Monday, 28 July 2014

Ángel Villoldo, Paris and early tango

Tango is full of legends and stories, so it's it's fascinating to have access to actual artefacts, especially old shellac discs and old photos and drawings. I've been scouring YouTube for the earliest tango material.

The oldest recording of a tango I've come across is the first recording of El Choclo, which is dated to 1908, recorded in Paris by a (probably French) band called the Orquestra Tzigan de la Restaurant du Rat Mort, the 'Gypsy Orquestra of Dead Rat Restaurant'. Great name! ('Dated 1908': but I have to rely on the information given by whoever uploaded the tracks, as the actual disc label isn't shown. I can only assume they've got it right. & the fact that this is the oldest recording on YouTube doesn't mean that it's the oldest recording -- although it's not far off!)

El Choclo, the tango, was so successful that the date and place of its first performance in Buenos Aires is known: November 1903 at the upmarket restaurant El Americano, Cangallo 966 (today Teniente General Perón 966), by the orchestra led by José Luis Roncallo. Roncallo could not announce El Choclo as a tango because the proprietor of the Americano forbad tango in his establishment, but the tune caught on and the band continued to play it because it was requested.

Not long after its Buenos Aires premiere, El Choclo was sung onstage at the Parisien Varitè Show, and subsequently recorded in Paris by the Orquestra Tzigan de la Restaurant du Rat Mort.

El Choclo was written in 1903 by Ángel Villoldo (1861 – 1919).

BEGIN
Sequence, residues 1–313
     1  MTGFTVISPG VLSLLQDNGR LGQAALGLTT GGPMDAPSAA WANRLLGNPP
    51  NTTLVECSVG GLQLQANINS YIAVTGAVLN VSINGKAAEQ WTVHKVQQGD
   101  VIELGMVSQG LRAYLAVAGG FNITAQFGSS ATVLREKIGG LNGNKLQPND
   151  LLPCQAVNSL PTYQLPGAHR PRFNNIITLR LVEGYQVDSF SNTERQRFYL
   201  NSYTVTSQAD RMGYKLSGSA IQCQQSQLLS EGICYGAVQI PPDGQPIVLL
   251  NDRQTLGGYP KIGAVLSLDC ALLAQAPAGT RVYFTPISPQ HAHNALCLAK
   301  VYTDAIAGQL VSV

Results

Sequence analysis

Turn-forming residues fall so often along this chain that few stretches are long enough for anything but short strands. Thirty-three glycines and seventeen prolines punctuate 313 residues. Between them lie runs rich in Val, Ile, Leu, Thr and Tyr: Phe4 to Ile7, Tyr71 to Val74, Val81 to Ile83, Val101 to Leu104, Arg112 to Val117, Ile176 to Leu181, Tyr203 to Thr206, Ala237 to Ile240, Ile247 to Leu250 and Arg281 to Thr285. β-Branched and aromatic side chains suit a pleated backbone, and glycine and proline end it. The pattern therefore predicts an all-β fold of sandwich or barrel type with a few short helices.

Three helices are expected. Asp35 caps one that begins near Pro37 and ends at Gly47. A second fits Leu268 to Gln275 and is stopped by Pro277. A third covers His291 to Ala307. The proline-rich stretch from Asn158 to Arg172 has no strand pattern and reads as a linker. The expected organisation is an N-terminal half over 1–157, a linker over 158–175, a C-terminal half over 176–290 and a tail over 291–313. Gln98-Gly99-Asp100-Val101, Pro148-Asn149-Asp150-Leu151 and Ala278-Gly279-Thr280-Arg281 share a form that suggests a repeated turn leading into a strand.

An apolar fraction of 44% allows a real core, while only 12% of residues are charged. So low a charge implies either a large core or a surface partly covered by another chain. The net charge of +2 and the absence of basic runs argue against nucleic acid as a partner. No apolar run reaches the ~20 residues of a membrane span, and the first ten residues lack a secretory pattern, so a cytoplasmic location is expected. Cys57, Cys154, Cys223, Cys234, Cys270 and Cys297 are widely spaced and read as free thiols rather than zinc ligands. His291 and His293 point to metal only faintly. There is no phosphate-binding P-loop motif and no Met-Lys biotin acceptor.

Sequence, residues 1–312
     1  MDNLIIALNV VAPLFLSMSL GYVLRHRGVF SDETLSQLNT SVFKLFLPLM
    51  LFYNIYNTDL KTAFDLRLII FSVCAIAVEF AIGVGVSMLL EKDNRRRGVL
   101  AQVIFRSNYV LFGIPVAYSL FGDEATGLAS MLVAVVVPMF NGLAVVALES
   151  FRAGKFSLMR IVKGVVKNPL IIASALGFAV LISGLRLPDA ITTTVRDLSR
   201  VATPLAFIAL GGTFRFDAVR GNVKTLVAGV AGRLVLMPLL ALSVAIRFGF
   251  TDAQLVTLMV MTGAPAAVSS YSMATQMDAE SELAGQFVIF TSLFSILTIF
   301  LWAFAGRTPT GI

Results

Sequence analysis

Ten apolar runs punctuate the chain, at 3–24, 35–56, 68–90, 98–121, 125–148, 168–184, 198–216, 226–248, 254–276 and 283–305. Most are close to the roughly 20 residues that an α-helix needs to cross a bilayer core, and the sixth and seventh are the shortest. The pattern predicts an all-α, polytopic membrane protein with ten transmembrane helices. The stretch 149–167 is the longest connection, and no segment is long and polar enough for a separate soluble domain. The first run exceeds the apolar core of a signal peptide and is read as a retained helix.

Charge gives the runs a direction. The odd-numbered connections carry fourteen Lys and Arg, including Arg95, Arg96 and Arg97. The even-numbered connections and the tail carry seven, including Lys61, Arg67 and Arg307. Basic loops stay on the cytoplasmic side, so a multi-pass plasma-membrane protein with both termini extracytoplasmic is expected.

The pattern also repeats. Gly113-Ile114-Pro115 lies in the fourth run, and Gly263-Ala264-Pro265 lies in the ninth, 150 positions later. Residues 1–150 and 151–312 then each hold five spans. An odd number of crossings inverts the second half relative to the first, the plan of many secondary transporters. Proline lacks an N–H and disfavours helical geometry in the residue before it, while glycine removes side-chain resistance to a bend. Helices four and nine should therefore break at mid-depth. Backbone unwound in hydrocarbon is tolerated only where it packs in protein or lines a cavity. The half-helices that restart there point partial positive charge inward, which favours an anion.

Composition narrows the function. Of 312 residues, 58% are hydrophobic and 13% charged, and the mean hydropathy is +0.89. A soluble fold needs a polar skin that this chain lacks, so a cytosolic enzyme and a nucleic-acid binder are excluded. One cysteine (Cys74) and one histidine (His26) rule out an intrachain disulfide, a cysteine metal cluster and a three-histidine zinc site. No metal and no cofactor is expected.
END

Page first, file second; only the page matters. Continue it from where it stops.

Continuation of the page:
He's been described as part Hemingway and part Bob Dylan: curiously, he played guitar and harmonica and so invented a harness that would allow him to play both together. In 1903 Villodo also wrote El Porteñito, and in 1905 La Morocha, as well as a number of other tangos. La Morocha became very widely-known, and is said to have begun the European fascination with tango.

The April 1908 recording of El Choclo by the orquestra Tzigan de la Restaurant du Rat Mort doesn't really sound like any tango group I've heard. It sounds closer to a string quartet than a tango band: the violinist could be a classical musician moonlighting as a gypsy musician. But it's certainly very lively for its 110 years.

There are two other early recordings of Villodo tangos. This may be Villoldo himself singing and playing his song El Negro Alegre: the Victor discography lists the recording Villoldo made, 'Male vocal solo, with guitar', of the song on 12/26/1907. The laughter indeed sounds like Dylan... 1907, so it's actually a year before the recording of El Choclo, but I'm not sure if El Negro Alegre is really a tango, although it seems to be about dancing.

Finally, there's a recording of Ángel Villoldo's El esquinazo recorded in March the following year. Like the two other recordings it sounds incredibly sharp, clear and lively. A milonga from 1910. Three of the earliest tango recordings, three amazing recordings.

The Victor discography lists several recordings of El porteñito and El Choclo in  1906, and a variety of other recordings by Villoldo and by other orquestas of his music from 1906 onwards.